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What is a trademark?

Did you know that?

Your trade mark can be a valuable business asset. Trade marks have come to represent not only actual goods and services, but also the reputation of the business. Some companies spend millions nurturing their corporate identities.

Companies like Michelin, Levi Strauss and Intel consider their trade marks their most valuable assets? The President of Coca-Cola stated that the corporation's buildings, machinery, equipment, vehicles and physical property could all be destroyed, but that the business would have no trouble getting back on its feet, provided the trade mark survived.

What is a trademark?

TRADE MARKS are concerned with brand identity - they can be distinctive words, marks or other features, the purpose of which is to establish, in the mind of the customer, a link between the particular products or services and the company.

A trade mark is a sign by which a business identifies its products or services and distinguishes them from those supplied by competitors.

What can be registered?

Any sign capable of being represented graphically. Thus marks may be one or a combination of words (including slogans), letters, and numerals. They may consist of drawings, symbols, three dimensional signs such as shape and packaging of goods, audible signs such as music or vocal sounds, fragrances, or colours. Generally, trade marks are protected for specific classes of products and services for periods of 10 years, renewable indefinitely. What are the requirements for registering a trade mark ?

  • Your trade mark must be distinctive meaning that a customer seeing the mark can immediately link the goods or services to a particular manufacturer/ supplier. Thus commonly used words are generally not acceptable except in a slogan.
  • Your trade mark must not be deceptive . It must not be such that it would deceive the public as to the geographical origin or to the nature, quality, or other characteristics of the product or service.
  • Your trade mark must not be descriptive. It cannot describe the product or service.
  • Your trade mark must not belong to the exclusions provided by the law e.g. photographs, drawings or names of people or places unless they can be shown to be particularly distinctive.
  • Your trade mark must be in conformity with public order and morality . Remember that registration of a company name, a business name or a domain name is not the same as registering a trade mark. The requirements are different.

Well-known trade marks

In common law countries it is possible to acquire some legal rights to a mark simply through usage. A trade mark, which is well known benefits from some kind of protection even if it is not registered. This protection does not only refer to similar products or services, but also dissimilar ones. To benefit from that kind of protection, you have to prove the reputation of your trade mark. Good practice, however, requires that a trade mark is registered which provides you with a better and stronger protection.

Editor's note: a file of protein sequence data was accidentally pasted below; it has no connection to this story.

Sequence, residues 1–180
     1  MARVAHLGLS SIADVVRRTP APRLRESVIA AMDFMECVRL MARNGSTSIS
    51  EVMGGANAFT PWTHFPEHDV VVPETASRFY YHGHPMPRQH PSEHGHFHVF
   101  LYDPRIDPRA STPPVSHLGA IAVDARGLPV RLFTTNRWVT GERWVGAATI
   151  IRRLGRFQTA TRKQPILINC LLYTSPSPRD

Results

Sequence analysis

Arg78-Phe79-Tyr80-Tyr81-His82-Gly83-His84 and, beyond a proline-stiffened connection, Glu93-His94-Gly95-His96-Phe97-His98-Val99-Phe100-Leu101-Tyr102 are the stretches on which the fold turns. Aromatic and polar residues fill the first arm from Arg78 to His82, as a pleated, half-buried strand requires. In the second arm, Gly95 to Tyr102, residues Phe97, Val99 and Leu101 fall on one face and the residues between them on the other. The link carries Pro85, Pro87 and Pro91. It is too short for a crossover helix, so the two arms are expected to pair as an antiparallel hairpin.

How to obtain a trademark?

How to register a trade mark nationally

You must file an application for registration with the appropriate national or regional trade mark office. The application must contain a clear reproduction of the mark filed for registration, including any colours, forms, or three-dimensional features. The application must also contain a list of goods or services to which the mark would apply. Upon receipt of the application in the national office a filing date will be assigned and the application will then be examined as to its registrability.

Claiming priority

It is possible to claim priority of an application made in the preceding six months in one of the States party to the Paris Convention. This prevents third parties applying to register your trade mark within these six months.

Using your trade mark

Registrations can be cancelled if the holder is not using a mark. It is important therefore to indicate on goods or services that the mark is a registered one. The symbols R or TM are normally used in association with the mark to show this. You should contact your national office which handles applications for trade mark registrations in order to obtain an application form and details of the precise requirements, procedures and fees applicable in your country.

In Europe : European Community trademark

If you do business in more than one EU country, a Community trade mark (CTM) offers you protection throughout the EU. The Community Trade Mark is administered by the Office for Harmonization in the Internal Market (OHIM). An online CTM application costs €900 and is filed in just one language.

Outside europe : WIPO

If you are the owner of a trade mark and wish to consider obtaining trade mark protection internationally, the Madrid system of international registration of trade marks gives you the possibility to have your trade mark protected in several countries by simply filing one application with a single Office, in one language, with one set of fees in one currency (Swiss francs). An international registration produces the same effects as an application for registration of the mark made in each of the countries designated by the applicant. To apply for a registration of an international trade mark it is necessary to be owner of a registered trade mark or to have filed a request for an identical national trade mark. For further information concerning the Madrid System, consult the WIPO website.

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Trade Marks Guide

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